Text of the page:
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Saturday, April 07, 2018

Wild flowers and "Plantlife"


This is a good time to get out looking for wildflowers in our verges, hedges and nature reserves.


This is an extract from Plantlife's latest newsletter.




Dear supporter,
Happy Spring! Get ready to hunt for woodland flowers, learn more about how we are protecting ancient trees and help us speak up for wild flowers in Government. Read on...
Great British Wildflower Hunt 2018
The 2018 Great British Wildflower Hunt launches next week with a new list for those who enjoy a woodland walk. Help us discover where those bluebells and primroses are blooming! 




Here is a link to Plantlife's web site where you can find out much more about the important work done for wildflowers

:https://mailchi.mp/plantlife/plantlife-news-april-2018?e=3369987e57




Saturday, February 10, 2018

Wildlife photo from Chris Chappell, Heart of the Levels Group





Little Egret taken at Steart Marshes by Chris Chappell , committee member of the Heart of the Levels local group of the Somerset Wildlife Trust.
The wetlands are managed by the Wildfoul and Wetlands Trust
 ( https://www.wwt.org.uk/wetland-centres/steart-marshes/)




Friday, February 09, 2018

Curry Rivel in Bloom: Compost Day at the War Memorial

Curry Rivel in Bloom: Compost Day at the War Memorial: Saturday 17th Feb - 10.30 onwards. Clearing the site and digging in compost is the main task, preparing for the permanent planting (to be ...

Sunday, November 12, 2017

Curry Rivel Wildlife Survey Group report. Cranes on the Levels

I'll try to add the photo soon,



Curry Rivel News
A  West  Sedgemoor  Wonder
Photo attached
Timmy and Michaela with their two young hatched on West Sedgemoor in 2017.
Photo courtesy of John Crispin
This year, for the first time for in four centuries a very special event took place on the West Sedgemoor reserve–  five golden, fluffy chicks were hatched.  Three pairs of Eurasian (or Common) Cranes successfully reared four chicks to the point of fledging.  They, with their parents, are now with the general flock and can be seen at times within the bounds of Curry Rivel village.  The juvenile birds are almost as big as their parents now but they don’t quite look like them yet.  They have rusty coloured heads and necks unlike the adults who have black and white heads and necks with a bright red top to their heads.  The young stay with their parents for around a year until the breeding season starts and then they are chased away so that the adults can get on with their important breeding work.  Local schools and businesses were encouraged to champion the released birds so they all have pet names though they are properly identified by their leg rings.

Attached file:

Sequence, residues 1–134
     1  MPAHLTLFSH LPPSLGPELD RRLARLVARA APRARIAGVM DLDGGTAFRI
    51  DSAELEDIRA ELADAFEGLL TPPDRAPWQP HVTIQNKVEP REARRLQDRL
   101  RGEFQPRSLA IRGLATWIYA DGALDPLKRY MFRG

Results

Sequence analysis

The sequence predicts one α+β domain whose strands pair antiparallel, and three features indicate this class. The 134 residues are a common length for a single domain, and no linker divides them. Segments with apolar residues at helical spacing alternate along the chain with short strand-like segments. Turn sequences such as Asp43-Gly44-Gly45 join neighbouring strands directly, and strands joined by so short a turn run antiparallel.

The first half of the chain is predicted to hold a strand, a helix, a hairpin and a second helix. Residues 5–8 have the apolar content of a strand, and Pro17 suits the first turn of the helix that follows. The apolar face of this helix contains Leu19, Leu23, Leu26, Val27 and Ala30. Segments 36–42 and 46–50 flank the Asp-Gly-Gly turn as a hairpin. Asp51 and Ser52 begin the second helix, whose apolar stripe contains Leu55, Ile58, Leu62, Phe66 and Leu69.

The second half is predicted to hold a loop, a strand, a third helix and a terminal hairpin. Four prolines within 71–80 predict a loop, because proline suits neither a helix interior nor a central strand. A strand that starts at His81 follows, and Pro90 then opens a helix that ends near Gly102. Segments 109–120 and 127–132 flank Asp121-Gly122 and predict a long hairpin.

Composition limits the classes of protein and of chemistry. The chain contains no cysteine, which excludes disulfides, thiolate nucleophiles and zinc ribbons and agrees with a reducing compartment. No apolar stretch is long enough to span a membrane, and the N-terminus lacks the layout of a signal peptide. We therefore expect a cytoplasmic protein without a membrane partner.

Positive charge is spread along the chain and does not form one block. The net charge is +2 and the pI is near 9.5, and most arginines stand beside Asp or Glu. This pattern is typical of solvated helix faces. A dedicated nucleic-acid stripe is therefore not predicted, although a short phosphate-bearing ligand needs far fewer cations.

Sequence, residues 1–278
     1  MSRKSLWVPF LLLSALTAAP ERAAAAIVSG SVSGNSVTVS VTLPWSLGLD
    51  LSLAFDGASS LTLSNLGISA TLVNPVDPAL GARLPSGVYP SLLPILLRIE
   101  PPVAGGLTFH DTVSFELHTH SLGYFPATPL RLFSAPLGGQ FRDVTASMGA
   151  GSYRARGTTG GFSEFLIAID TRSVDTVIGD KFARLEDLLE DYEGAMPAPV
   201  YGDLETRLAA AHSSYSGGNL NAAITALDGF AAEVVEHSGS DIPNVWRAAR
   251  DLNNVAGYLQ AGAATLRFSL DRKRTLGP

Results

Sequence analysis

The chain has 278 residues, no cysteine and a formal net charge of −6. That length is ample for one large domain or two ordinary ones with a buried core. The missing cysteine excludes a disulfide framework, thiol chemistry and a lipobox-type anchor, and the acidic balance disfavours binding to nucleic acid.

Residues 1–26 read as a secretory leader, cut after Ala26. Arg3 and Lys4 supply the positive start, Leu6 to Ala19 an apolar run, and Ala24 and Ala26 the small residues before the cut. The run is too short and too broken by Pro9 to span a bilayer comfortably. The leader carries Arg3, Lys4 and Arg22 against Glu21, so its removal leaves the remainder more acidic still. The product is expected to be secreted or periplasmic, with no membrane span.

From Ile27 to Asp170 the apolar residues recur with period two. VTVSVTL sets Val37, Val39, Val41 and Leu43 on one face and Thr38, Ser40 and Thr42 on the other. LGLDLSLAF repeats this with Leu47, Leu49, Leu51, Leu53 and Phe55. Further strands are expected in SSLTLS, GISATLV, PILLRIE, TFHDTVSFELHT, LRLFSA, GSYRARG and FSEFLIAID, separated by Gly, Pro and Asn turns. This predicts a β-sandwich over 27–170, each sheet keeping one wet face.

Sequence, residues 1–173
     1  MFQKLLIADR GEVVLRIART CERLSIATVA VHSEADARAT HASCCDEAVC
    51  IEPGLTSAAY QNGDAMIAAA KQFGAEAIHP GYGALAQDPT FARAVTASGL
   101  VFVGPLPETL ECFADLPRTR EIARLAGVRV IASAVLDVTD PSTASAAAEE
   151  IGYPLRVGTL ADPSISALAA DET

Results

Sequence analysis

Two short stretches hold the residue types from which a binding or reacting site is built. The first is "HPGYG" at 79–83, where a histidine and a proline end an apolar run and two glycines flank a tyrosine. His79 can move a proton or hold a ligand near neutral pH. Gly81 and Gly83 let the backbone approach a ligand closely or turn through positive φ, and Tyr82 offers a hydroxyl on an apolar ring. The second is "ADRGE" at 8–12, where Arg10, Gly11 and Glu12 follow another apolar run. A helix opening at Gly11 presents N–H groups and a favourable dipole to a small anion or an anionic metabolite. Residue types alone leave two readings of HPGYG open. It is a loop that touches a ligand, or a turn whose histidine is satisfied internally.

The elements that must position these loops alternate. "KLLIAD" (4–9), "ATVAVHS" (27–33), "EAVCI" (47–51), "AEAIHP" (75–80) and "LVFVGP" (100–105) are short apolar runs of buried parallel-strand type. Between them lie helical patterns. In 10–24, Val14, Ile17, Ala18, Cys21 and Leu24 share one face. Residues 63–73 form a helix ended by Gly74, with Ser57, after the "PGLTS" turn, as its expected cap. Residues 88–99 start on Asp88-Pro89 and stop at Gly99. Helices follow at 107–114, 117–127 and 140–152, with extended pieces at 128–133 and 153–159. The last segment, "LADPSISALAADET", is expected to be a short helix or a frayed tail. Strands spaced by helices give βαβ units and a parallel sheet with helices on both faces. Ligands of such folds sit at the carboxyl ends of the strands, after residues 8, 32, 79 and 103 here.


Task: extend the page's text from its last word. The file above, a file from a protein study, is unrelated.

The best place to observe a flock is from the Parrett Way between Oath and Stathe but they do move around quite a lot.  They can be seen in the air in their V shaped pattern and can be heard ‘bugling’ (a bit like yodelling).  The released birds still wear their coloured identity rings which are on their legs and this helps to record their progress.  Out on the Levels they are remarkably difficult to see considering they are now one of the largest wild birds in Britain.  Nature has ensured that they melt into the background whatever it is.  Also they love feeding in ditches and where the vegetation is tall.  However patience is rewarded by the sight of them peacefully feeding or preening.  It will be some years before the project is considered a success because Cranes are quite long lived (around 20 years) and take time to establish a sustainable flock.
The project to re-introduce cranes to the Somerset Levels, where they used to be very common until hunted out of existence, started in 2010.  After 5 years around 100 birds had been released after eggs from  Germany were hatched at WWT Slimbridge.   93 birds have survived and all are capable of breeding now.  So far these beautiful birds have produced 11 young  in locations as far away as Wiltshire and South Wales  but this year the successful rearing took place on West Sedgemoor – the event we were all waiting for!  This has confirmed the wisdom of releasing them on the Levels where hopefully they will stay for a long time to come.
If you would like further information you can visit the Crane website: 


Liz Antliff-Clark

RSPB Volunteer
and member of our CR Wildlife Survey Group.

The Square Metre at TQ 78286 18846: A return to Emthree

The Square Metre at TQ 78286 18846: A return to Emthree

Thursday, November 09, 2017

Heart of the Levels local area group. Next public meeting


Dear SWT Heart of the Levels supporter,
Following the recent  excellent talk by our speaker from FWAG on how various agencies are now managing the flow of water from the Hills to the Levels to reduce the risks of flooding in the future, we decided to go underwater with our next speaker and to look at Brown Trout and other wildlife that use our Somerset rivers. Mike Blackmore is our speaker and he describes himself as an environmentalist, ecologist, Wild Trout Trust Conservation Officer (South and West), and all-round river man!
(Even) fishermen and fisherwomen will be most welcome!
The talk will be held in the Parish Rooms, Buttercross, in the centre of Somerton at 7:30 pm on Tuesday 14th November. Tea, coffee, and hopefully cakes, will be available after the talk.
For your diaries, I’ve attached the rolling programme of Heart of the Levels events, which takes us to the talk in April. 
We hope to see you next Tuesday!
Roger
Roger Dickey   Chairman Heart of the Level Group